I woke up in the morning curled up next to Officer Puppy. At the time, he wasn’t really willing to explain his absence the night before. I asked quietly and he just pretended to be asleep. Typical. If there isn’t something to run around barking at right then and there, dogs just aren’t very good conversationalists. And just try to get one to admit they made a mistake.
It was a clear morning with light streaming in the window. The brightness made the night before feel like a distant dream. I knew it had been real. I knew I should be curled up in the corner hugging the bed sheets, afraid to face the world in case another murderer was lurking behind the next door. But it was all a dim haze with no emotion attached to it.
The Rat King’s palace was an abandoned cistern under the human palace. It used to store water for the old palace before it was destroyed. Large enough to keep the old palace and the grounds around it provisioned with water for months in case of drought, by rats standards it was a palace indeed. It was large enough to fit a lake behemoth inside with room left for it to helplessly flop its tail about, and every inch of it was well appointed in proper ratly fashion.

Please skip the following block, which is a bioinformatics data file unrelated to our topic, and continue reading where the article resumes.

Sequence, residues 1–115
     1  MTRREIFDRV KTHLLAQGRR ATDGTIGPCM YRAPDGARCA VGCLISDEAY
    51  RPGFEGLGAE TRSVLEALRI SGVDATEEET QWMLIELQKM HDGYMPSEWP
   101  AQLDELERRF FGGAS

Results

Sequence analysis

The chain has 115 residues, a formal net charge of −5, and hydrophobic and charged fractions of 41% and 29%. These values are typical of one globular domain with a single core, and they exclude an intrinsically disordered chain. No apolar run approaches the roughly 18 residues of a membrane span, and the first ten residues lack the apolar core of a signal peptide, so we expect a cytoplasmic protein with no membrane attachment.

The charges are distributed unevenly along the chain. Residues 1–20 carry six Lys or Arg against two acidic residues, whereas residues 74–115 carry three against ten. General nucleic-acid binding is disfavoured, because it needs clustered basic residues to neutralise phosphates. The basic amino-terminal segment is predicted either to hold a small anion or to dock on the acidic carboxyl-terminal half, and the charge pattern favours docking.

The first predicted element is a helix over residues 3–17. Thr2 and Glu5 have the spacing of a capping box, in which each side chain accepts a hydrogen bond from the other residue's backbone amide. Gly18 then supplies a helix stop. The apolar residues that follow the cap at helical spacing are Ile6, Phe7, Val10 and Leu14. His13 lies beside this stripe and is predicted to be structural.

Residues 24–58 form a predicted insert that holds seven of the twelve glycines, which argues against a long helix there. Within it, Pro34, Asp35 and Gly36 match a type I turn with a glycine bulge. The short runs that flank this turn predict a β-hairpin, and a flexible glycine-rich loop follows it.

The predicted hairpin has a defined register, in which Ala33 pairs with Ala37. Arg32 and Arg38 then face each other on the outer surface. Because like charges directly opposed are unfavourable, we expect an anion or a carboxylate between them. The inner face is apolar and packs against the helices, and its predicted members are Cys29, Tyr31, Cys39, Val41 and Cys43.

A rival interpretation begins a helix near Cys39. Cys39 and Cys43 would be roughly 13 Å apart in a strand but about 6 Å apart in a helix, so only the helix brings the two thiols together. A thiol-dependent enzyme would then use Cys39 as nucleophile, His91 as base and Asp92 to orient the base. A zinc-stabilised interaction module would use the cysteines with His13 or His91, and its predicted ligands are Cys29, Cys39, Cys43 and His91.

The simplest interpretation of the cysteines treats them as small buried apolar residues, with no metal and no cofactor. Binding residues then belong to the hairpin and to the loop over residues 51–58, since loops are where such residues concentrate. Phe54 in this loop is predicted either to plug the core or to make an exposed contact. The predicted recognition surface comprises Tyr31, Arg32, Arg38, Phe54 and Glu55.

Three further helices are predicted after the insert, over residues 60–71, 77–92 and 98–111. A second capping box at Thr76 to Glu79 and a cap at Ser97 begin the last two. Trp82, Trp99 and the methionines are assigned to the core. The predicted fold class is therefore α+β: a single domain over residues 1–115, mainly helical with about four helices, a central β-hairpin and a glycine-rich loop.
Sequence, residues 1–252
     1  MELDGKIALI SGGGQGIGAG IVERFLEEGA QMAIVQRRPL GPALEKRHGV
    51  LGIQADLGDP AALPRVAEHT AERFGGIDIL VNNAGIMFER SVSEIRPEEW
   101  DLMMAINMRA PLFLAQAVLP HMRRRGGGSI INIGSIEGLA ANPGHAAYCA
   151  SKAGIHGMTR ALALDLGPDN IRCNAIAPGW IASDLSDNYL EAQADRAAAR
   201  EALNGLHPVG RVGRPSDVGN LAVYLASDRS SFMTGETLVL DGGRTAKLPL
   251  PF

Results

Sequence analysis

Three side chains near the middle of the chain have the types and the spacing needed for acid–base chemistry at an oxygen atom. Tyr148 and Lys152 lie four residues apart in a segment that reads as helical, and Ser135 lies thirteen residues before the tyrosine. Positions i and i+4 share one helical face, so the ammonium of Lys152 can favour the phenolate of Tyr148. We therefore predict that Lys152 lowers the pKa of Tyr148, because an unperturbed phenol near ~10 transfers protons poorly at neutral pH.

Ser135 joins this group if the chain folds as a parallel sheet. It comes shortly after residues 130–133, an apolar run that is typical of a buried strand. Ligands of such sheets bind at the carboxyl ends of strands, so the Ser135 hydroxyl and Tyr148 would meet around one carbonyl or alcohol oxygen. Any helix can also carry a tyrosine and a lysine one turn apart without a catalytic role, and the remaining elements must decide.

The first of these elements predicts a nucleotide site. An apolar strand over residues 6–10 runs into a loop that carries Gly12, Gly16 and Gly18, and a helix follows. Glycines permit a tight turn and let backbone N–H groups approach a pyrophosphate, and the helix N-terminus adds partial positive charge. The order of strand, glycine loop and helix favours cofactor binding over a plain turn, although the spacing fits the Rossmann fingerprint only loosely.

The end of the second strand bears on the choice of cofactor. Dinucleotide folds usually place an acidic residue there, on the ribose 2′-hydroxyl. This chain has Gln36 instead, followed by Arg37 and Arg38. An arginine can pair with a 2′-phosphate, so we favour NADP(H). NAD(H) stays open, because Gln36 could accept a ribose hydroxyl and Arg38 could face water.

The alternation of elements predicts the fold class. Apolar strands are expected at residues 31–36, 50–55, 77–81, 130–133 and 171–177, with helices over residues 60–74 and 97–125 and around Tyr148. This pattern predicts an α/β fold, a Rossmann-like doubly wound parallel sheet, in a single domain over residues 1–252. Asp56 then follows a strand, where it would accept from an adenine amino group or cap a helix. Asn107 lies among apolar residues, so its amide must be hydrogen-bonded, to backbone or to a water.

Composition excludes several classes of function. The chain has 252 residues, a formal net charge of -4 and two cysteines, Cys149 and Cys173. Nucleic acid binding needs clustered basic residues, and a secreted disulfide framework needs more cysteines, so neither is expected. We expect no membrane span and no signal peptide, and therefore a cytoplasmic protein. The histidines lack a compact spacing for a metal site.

Farport sat on the narrow neck of a long peninsula. The poorer districts of the city faced the mainland as a buffer against an invasion that would probably never come from that direction anyway and the wealthy side of the canal had its back to the peninsula. A huge wall stretching for nearly 20 kilomi protected the city from the mainland. A very useful thing when the enemy would most probably arrive in airships or by sea.